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No. 43: Jan-Feb 1986

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The Mysterious Tumuli Of New Caledonia

The Isle of Pines, New Caledonia is spangled with about 400 large tumuli or mounds, ranging from 30 to 165 feet in diameter. Their heights are 2 to about 15 feet. All of the material making up the mounds seems to come from the immediate surroundings: coral debris, earth, and grains of iron oxide. The larger tumuli enclose a block of tuff, about 5 feet high and 6 feet in diameter, comprised of tumuli material held together by a calcareous cement or mortar. Some who have investigated these mounds believe that the presence of cement, presumably man-made, is proof-positive that the tumuli are the product of human activity. Other archeologists doubt this because the early settlers of New Caledonia did not use cement. Besides, there seem to be no other signs of human involvement. This has led to the hypothesis that the mounds were built by huge, now-extinct, flightless birds for the purpose of incubating their eggs. Some birds do indeed incubate their eggs in mounds today; and some 5,000 years ago New Caledonia did boast a giant bird (Sylviornia neocale doniae), which was 5-6 feet tall. The authors of the present paper feel that the giant bird hypothesis is just as reasonable as the theory that these mounds were built by ancient humans who knew how to make cement.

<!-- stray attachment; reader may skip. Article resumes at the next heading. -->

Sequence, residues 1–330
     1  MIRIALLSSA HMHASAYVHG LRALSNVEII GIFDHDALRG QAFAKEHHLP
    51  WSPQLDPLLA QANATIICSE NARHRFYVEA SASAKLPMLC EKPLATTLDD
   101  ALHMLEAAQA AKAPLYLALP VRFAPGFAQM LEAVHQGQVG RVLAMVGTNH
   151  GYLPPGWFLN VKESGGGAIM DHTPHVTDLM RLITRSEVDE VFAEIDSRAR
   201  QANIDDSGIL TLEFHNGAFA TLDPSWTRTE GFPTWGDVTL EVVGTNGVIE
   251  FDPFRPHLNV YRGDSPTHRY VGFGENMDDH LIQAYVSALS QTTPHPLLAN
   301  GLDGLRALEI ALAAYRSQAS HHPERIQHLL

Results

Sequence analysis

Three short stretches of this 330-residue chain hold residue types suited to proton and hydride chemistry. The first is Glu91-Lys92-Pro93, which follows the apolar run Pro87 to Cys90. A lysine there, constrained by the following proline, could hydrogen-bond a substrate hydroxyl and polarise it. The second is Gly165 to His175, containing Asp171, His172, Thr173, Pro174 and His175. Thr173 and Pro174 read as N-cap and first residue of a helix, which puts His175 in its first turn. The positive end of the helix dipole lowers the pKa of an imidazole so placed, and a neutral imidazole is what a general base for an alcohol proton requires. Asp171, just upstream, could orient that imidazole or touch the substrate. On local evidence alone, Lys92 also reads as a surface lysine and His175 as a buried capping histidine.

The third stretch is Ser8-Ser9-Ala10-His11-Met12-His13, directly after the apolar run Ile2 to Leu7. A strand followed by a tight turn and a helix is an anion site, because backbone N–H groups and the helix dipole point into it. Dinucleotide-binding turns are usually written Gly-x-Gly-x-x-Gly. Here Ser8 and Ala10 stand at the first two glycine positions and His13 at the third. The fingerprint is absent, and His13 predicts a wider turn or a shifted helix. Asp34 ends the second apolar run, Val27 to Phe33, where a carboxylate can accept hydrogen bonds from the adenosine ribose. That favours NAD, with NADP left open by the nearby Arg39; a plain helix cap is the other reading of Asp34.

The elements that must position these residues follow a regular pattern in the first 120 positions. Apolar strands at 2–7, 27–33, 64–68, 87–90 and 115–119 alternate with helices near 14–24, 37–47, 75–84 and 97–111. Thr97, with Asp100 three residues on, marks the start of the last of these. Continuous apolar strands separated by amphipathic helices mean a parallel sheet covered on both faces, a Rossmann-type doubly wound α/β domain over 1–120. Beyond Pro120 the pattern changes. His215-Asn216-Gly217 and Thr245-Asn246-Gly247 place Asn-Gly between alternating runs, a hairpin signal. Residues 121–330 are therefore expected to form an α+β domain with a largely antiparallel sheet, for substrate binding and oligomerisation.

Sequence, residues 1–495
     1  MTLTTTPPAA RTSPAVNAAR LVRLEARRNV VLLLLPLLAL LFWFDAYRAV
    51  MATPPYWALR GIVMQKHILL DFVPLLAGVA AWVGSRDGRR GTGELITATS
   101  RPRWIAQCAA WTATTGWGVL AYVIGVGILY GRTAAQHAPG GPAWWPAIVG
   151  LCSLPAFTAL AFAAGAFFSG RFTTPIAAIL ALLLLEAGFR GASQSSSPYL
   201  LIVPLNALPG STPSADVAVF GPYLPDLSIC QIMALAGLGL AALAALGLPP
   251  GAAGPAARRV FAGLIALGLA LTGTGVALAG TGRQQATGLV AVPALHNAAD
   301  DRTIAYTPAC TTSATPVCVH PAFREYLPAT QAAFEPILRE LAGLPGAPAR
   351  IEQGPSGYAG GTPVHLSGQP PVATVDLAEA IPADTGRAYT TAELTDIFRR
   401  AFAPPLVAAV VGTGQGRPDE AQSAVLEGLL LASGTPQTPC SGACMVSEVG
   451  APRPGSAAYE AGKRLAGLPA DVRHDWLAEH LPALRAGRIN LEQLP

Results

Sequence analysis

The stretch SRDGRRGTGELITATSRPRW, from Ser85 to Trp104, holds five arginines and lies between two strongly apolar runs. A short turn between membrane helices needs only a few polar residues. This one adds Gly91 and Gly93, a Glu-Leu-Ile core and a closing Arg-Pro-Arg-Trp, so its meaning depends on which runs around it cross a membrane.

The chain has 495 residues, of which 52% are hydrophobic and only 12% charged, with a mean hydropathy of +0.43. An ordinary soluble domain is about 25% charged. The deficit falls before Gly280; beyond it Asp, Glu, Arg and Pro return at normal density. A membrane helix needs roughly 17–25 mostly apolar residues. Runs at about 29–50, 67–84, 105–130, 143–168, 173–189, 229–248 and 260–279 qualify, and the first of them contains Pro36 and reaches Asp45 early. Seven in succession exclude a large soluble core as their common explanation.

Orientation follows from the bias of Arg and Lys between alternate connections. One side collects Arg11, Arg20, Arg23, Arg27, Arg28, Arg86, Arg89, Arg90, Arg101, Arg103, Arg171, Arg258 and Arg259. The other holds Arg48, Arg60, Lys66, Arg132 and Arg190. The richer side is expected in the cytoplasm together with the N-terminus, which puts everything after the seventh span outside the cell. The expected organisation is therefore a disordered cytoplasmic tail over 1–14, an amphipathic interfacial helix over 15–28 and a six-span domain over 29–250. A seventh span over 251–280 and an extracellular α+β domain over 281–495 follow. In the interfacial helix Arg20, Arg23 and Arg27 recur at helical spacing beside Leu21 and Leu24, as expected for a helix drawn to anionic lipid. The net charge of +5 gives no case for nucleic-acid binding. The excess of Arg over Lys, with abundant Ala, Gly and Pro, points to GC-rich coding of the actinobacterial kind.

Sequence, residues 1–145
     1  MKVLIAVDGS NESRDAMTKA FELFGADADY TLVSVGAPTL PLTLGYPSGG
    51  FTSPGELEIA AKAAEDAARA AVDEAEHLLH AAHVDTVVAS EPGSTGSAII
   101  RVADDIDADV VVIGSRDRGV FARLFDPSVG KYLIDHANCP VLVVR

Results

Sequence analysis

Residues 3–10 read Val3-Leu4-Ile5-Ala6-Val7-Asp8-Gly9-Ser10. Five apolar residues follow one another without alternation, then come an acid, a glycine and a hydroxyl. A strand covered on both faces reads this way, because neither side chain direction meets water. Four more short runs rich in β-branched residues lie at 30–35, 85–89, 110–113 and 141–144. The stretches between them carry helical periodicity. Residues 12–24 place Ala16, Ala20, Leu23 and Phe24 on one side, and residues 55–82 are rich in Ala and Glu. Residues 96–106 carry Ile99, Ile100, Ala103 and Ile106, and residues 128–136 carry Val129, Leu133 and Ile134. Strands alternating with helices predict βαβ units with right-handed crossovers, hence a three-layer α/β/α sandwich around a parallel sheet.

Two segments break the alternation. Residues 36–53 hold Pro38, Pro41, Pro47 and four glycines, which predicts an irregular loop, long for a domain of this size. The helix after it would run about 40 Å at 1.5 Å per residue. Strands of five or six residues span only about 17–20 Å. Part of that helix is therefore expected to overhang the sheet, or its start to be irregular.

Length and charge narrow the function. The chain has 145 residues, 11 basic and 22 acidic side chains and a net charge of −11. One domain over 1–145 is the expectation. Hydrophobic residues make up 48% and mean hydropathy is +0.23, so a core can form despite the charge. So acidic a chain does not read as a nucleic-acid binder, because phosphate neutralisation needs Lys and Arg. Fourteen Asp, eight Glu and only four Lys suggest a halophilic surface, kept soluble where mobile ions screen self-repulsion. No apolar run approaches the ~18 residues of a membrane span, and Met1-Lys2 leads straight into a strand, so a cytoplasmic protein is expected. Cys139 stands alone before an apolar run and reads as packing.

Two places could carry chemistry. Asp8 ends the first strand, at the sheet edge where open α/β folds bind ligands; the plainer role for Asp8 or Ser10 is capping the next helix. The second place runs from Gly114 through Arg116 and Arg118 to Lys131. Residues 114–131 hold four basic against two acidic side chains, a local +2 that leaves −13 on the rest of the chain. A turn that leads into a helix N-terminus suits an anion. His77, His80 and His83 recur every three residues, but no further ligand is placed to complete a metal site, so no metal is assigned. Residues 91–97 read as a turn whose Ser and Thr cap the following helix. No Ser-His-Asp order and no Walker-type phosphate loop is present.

(Mourer-Chauvire, Cecile, and Poplin, Francois; "Le Mystere des Tumulus de Nouvelle-Caledonie," La Recherche, 16: 76, September 1985. Cr. C. Mauge.)

Comment. We find in our Handbook Ancient Man an article by A. Rothovius entitled: "The Mysterious Cement Cylinders of New Caledonia." The 1967 article covers much the same ground as that in La Recherche, but sans the giant bird theory. Rothovius states that the cylinders inside the tumuli:

"...are of a very hard, homogeneous lime-mortar, containing bits of shells which yield radiocarbon dates between 5,120 and 10,950 B.C. -- even the lowest date being some 3,000 years earlier than man is believed to have reached the southwest Pacific from the area of Indonesia."

The book Ancient Man is described here.

Los Lunas inscription showing the Old Hebrew letters
The first three lines of the Los Lunas inscription, showing the Old Hebrew letters.
Adapted from Fell's article cited above.

From Science Frontiers #43, JAN-FEB 1986. 1986-2000 William R. Corliss